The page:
The glory of Game of Thrones

Allow me to confess a shameful secret: I am constantly losing track of Game of Thrones characters. This debility afflicts me particularly during the long winters between seasons. When someone who vanished from the story years ago suddenly reappears, I don’t shout, in the manner of the true Throner, “There he is!” I’m more likely to frown and say “Who’s that again?” and reach for my iPad.

Game of Thrones, which returned for its seventh season on the weekend on HBO, is the most complex and convoluted television show in the history of the medium. That complexity is half the fun.

And fun it is. Last season, the show averaged 7.7 million live viewers per episode — 10.6 million when we include those who viewed it on other media within seven days. Total viewers per episode averaged in excess of 23 million. The season finale drew a 4.4 rating in the 18-49 demographic that advertisers love, a figure that beat every scripted show on broadcast or cable except Empire and The Walking Dead.

Game of Thrones is special. No other scripted show generates an online community of a richness and depth usually reserved for big-screen franchises with “Star” in the title. Apart from the Super Bowl, nothing else on television sparks parties where fans expert and casual mingle as they await every twist and turn.

The show has been called, with reason, the last bit of television monoculture. People watch it, and discuss it, and argue about it; and in a certain age and cultural cohort, those who would rather skip it are left out of the conversation. But millions of us outside the cohort also tune in.

Why do we watch, captivated? Part of the reason is that everyone else watches. Potential viewers, younger ones particularly, do not want to be left out.

But there are other reasons. Many fans cite the complexity of the world-building, both in the books and in the television show. And the world-building is indeed a delight, even when one spots the holes. (How can the society exist with only one bank? Why don’t the various would-be conquerors loot it?) Other viewers point to the constantly shifting alliances ... and betrayals. The sets are remarkable. (At $10 million per episode, they had better be.) There are wonderful villains (Tywin Lannister) and wonderful anti-heroes (Tyrion Lannister).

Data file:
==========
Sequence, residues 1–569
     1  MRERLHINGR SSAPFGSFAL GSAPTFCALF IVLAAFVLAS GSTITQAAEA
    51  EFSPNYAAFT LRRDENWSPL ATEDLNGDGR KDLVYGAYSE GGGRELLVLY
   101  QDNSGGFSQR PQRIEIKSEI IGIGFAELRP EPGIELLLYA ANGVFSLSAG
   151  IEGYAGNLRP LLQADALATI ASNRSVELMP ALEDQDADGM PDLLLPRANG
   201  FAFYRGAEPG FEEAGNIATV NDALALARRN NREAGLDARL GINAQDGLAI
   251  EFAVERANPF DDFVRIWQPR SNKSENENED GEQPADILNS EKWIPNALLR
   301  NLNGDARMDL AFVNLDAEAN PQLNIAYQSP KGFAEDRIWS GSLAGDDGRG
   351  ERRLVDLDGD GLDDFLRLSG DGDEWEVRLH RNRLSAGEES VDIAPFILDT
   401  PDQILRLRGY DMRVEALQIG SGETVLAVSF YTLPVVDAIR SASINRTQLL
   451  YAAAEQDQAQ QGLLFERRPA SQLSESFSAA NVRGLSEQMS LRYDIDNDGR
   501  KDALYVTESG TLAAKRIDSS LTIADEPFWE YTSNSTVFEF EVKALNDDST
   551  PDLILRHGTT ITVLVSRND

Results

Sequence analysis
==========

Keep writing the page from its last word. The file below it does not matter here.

And White Walkers. And dragons.

There are the constant surprises, particularly the willingness to kill off leading characters, not just minor ones, often without warning. If you miss an episode you may miss a major death.

This technique, pioneered by The Sopranos, has become a staple of so-called prestige television drama — Breaking Bad; Sons of Anarchy. But Game of Thrones has raised the killing of characters to an art form, setting up sequences in which fan favourites are cut bloodily and suddenly from the story.

Still, I bet I’m not the only fan who cannot keep all the storylines and characters straight. I am always confusing the Maesters. I have only the vaguest memories of Dontos Hollard and the High Septon. If I want to know what “valar morghulis” means, I have to look it up. I am aware that Gendry is still rowing but I have trouble remembering that the place he escaped from is called Dragonstone. (I also used to forget which Clegane was which, but I finally have that one straight.)